Terms of Trade (HL)
The terms of trade is the ratio of the avergae price of exports over the avergae price of imports expressed as index numbers times by 100:
Index of exports prices / index of import prices x 100
Therefore, it measure the volume of imports that can be attained by a unit of exports.
Improvement: an increase in the terms of trade through time. This means that more imports can be bought per unit of export. This will occur if the average price of exports rise relatively to the price of imports.
Deteriation: a decrease in the terms of trade through time. This means that fewer imports can be bought per unit of export. This will occur if the average price of exports falls relatively to the price of imports.
Causes of changes in the terms of trade
In the short term:
Changes in demand conditions for exports and imports – if world demand for a counrty’s exports increases then its terms of trade will improve.
Changes in global supply of major resources, such as oil – if an oil exporting country increases its supply, then the price of oil will fall and the country’s terms of trade will worsen.
Changes in exchange rates – if a country experiences appreciation, then the price of its exports will rise so their will be an improvement in its terms of trade.
Changes in relative inflation rates – if a country experiences inflation, then the price of its exports will rise so their will be an improvement in its terms of trade.
In the long term:
Increased productivity – government spending aimed at increases long run aggregate supply, may lower costs to firms and therefore reduce domestic consumer prices. Therefore improving the terms of trade.
Changes in world income levels – as incomes rise more is spent on secondary and tertiary goods, rather than primary goods, so this increases the terms of trade for more industrialised countries but worsens the terms of trade for developing countries exporting primary goods.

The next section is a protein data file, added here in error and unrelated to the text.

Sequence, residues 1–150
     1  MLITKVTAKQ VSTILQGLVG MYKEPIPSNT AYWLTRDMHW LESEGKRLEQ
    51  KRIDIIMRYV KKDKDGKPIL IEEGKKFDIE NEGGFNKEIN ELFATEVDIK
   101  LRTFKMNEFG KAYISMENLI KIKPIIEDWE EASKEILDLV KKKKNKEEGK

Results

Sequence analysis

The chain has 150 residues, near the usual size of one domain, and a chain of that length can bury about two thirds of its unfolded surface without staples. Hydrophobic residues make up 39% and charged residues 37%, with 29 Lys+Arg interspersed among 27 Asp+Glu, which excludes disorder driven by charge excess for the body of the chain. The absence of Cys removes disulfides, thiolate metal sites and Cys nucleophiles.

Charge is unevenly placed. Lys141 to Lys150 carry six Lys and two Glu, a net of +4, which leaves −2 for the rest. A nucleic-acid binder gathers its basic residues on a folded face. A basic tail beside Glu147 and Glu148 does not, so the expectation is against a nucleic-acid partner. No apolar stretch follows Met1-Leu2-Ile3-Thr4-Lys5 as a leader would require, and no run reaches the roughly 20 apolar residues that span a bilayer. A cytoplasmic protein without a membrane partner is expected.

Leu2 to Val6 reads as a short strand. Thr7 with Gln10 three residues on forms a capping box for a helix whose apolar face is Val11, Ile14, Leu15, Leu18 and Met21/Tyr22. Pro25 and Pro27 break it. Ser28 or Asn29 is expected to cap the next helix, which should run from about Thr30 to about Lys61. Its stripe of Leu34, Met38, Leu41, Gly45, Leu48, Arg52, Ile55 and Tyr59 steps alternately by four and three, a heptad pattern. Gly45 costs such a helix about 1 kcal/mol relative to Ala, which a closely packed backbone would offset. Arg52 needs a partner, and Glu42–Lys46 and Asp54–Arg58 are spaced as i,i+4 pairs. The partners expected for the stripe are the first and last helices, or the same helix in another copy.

Imporved technology – this can increase efficiency and therefore lower firms’ costs, so consumer prices fall. This means that the country’s terms of trade improve.
Consequences of changes in terms of trade
If the price of exports rises, so the terms of trade improve, and these exports are price elastic, then there will be a significant decrease in the quantity demanded by foreign consumers. However, if the price for these exports falls then there will be a large increase in the quantity demanded by foreigners.
If PED is inelastic and export prices rise, then there will be a much smaller decrease in the quantity demanded by foreign countries. If the prices fall, there will be a very small increase in demanded by foreign countries.
Supply for primary commodities has general grown, due to technological progress in extraction techniques, whilst demand has tended to remain the same, as they are usually demand price inelastic goods. This has worsened the terms of trade of devloping countries that specialise in these goods because the prices have fallen due to the increased supply. Therefore, this may contribute to the world distribution of income becoming more unequal.
In addition, in the short term developing countries suffer because the supply of commodities tends to be price inelastic, due to the relience on good weather conditions, difficulty in storage and immobility of factors of production. Therefore, prices are often quite volatile which increases uncertainty in the developing countries’ economies so foreign investment falls.